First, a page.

It’s just a coincidence. Many notable people have been born or died on March 14th, including other mathematicians and scientists. But we don’t list them in this article, they are listed in March 14, the appropriate article for such anniversaries.--JohnBlackburnewordsdeeds 19:28, 14 March 2018 (UTC)
A notable unique coincidence with inevitable long-lasting reference, as is Einstein's birthday and the 3rd paragraph under Observance. --Zefr (talk) 21:06, 14 March 2018 (UTC)
We mention that this one place celebrates both at the samd time. We do not say that they are intronsically linked. And we don't talk about Einstein outside of that.--Khajidha (talk) 21:16, 14 March 2018 (UTC)
The Exploratorium has been celebrating both for a long time, here is their 1999 event. I recall Larry saying they have been together since (almost?) the beginning for them (but I misplaced the RS). I have another (misplaced) RS that mentioned that the connection probably helped Pi Day's popularity, a synergy. I'll post them when I come across them again. StrayBolt (talk) 03:48, 15 March 2018 (UTC)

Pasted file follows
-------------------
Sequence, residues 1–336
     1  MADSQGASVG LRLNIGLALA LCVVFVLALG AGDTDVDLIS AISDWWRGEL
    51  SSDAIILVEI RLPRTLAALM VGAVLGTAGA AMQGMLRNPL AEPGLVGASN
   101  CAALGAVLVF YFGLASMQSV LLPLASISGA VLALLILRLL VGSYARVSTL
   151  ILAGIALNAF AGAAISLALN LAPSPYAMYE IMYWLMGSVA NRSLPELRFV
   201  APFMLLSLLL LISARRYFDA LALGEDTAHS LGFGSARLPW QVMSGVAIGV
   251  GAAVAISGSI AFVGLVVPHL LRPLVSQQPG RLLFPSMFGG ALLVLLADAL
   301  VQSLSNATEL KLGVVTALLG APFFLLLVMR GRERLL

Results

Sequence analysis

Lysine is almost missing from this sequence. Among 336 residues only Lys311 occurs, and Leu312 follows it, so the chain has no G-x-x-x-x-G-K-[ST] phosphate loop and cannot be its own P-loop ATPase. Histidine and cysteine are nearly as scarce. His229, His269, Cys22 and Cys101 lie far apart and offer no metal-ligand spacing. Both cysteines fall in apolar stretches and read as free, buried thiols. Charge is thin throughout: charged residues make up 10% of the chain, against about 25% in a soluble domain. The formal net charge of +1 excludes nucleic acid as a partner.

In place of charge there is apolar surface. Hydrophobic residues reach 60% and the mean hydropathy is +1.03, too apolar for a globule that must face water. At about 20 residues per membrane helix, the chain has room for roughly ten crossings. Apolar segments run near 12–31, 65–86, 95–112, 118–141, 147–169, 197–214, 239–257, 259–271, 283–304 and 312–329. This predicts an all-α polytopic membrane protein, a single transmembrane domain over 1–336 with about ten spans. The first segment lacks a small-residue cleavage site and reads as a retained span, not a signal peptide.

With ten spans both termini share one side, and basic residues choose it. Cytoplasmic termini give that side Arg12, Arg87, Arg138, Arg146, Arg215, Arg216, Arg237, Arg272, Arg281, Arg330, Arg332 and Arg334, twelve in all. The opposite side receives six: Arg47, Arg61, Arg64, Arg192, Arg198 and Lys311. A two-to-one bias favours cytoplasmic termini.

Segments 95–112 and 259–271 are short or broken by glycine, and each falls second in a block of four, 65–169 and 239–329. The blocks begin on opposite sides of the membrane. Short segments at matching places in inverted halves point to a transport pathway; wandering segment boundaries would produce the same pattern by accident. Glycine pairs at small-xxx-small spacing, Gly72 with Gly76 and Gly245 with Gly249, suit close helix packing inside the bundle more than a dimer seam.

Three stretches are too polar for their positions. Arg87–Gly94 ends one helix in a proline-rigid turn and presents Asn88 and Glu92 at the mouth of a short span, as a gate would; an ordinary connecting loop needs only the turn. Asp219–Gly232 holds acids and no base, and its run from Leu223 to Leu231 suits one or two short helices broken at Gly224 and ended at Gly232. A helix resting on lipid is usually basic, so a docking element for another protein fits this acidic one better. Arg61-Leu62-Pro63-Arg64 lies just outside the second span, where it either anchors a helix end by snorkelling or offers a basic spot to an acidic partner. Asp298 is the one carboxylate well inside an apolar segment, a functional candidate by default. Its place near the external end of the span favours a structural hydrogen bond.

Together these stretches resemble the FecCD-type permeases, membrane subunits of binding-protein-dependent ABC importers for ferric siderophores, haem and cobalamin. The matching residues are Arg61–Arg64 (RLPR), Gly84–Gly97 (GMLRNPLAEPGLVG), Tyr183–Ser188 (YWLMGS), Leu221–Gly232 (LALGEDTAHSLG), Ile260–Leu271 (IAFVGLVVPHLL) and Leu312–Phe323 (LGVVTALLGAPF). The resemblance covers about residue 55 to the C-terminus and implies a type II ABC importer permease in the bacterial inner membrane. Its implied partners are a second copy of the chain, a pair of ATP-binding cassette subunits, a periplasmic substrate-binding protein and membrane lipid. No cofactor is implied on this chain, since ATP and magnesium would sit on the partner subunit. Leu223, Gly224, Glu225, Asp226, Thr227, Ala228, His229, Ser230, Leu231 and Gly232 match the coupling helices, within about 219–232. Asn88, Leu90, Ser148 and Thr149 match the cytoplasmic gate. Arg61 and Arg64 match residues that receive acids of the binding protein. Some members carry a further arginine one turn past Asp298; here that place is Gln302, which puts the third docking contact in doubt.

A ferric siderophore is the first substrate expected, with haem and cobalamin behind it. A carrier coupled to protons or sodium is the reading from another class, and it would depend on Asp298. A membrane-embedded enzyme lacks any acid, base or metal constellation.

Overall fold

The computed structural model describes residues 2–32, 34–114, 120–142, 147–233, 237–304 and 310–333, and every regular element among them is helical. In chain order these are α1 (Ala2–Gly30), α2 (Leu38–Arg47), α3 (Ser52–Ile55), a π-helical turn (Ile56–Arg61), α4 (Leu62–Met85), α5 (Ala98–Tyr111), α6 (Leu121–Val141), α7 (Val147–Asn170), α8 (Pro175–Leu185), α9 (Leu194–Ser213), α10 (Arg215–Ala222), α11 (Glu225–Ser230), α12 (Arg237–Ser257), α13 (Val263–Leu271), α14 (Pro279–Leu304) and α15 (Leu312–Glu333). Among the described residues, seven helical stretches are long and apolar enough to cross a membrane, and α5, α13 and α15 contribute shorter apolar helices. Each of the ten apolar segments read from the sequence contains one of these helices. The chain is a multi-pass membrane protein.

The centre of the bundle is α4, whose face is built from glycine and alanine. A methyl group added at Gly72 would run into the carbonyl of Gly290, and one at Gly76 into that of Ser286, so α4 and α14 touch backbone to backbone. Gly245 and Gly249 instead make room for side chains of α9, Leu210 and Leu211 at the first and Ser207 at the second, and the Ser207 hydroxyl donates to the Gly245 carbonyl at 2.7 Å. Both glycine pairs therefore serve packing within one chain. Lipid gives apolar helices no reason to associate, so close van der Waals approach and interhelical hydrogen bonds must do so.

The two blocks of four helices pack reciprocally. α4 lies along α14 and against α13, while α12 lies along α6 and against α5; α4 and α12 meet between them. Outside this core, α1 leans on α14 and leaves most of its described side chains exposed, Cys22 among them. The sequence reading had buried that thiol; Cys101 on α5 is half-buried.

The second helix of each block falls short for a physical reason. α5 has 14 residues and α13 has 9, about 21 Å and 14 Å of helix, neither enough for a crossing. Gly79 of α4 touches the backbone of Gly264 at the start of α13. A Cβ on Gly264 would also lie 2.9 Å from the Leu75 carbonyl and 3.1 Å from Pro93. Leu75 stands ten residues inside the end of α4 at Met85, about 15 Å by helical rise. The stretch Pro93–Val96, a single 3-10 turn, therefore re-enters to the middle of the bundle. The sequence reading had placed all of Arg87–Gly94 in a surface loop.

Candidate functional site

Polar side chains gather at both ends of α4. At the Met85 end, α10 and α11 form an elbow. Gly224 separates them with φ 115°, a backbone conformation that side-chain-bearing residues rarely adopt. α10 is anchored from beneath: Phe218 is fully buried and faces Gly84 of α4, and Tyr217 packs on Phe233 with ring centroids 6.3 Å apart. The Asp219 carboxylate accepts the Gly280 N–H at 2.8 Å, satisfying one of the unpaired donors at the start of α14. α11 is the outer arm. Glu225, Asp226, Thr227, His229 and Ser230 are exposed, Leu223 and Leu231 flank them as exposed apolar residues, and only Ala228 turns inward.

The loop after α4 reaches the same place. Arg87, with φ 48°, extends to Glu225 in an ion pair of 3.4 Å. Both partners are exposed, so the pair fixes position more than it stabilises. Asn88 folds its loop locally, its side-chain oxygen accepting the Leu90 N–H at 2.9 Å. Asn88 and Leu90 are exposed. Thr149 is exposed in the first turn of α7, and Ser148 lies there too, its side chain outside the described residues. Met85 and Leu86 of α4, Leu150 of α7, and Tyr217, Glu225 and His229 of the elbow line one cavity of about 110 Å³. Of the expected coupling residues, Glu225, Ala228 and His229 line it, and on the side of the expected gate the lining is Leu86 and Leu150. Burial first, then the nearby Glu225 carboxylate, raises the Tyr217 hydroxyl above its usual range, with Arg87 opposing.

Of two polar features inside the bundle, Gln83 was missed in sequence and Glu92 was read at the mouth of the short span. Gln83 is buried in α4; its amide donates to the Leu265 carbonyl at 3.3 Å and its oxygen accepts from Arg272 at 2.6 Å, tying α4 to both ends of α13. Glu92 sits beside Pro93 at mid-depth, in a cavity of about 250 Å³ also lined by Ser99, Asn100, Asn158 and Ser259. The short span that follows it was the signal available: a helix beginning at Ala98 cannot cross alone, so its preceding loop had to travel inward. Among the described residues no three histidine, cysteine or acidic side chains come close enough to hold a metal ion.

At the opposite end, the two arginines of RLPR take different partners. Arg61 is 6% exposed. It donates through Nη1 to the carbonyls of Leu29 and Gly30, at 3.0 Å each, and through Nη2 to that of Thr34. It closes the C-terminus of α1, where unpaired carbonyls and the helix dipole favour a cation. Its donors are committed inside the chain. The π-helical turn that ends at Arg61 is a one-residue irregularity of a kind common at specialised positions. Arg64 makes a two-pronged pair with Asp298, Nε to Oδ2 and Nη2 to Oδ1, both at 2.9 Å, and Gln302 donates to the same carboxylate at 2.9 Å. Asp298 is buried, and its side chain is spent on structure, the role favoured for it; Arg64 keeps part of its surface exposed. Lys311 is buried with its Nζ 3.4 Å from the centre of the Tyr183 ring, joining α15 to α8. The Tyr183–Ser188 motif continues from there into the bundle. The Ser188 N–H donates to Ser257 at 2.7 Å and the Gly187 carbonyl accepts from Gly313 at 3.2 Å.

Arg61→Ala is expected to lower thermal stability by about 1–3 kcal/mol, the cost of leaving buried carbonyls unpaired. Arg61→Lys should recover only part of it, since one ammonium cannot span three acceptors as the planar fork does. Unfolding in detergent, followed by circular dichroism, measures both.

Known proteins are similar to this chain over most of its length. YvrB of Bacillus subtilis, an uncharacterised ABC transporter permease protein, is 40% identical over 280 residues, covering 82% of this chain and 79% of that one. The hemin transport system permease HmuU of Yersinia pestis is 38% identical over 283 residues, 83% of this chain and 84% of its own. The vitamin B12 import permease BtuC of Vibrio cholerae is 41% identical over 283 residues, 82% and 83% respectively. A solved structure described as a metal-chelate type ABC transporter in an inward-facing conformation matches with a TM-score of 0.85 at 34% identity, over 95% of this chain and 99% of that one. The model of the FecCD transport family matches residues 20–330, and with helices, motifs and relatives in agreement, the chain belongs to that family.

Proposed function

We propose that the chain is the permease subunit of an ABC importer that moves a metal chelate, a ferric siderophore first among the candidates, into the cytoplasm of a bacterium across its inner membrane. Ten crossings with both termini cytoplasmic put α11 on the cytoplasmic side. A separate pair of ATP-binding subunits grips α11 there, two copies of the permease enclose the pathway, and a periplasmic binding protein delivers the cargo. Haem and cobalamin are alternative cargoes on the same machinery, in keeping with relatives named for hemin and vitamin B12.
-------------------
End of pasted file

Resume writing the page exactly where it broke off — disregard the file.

"Celebrate Pi Day and Einstein's Birthday" shows that these are two things that happen to coincide, not teo parts of the same thing. Your own evidence argues against you. --Khajidha (talk) 10:43, 15 March 2018 (UTC)
Impossible to argue they are not coincidental. I was arguing for the synergy. "But great ideas have a way of catching on and, before long, Pi Day was a fixture and a public celebration at the museum, and then by math lovers everywhere. It didn’t hurt the cause, he (Larry Shaw) often said, that March 14 also turned out to be the birthday of Albert Einstein."[1] StrayBolt (talk) 05:30, 17 March 2018 (UTC)
And the synergy with Einstein is covered as far as it is relevant. Any synergy with Hawking is just speculation at this point. --Khajidha (talk) 22:16, 17 March 2018 (UTC)

Two Pi Day and Tau Day[edit]

I had their definitions in the lead/lede and was going to change the redirect of Tau Day from Pi#In_popular_culture to this page. This page focuses on the "Day" and some organizations, like the Exploratorium, have celebrated "Two Pi". I think the sentences should be moved back and the terms bolded again. They are not used much, but this seems like the best place for it. StrayBolt (talk) 04:07, 15 March 2018 (UTC)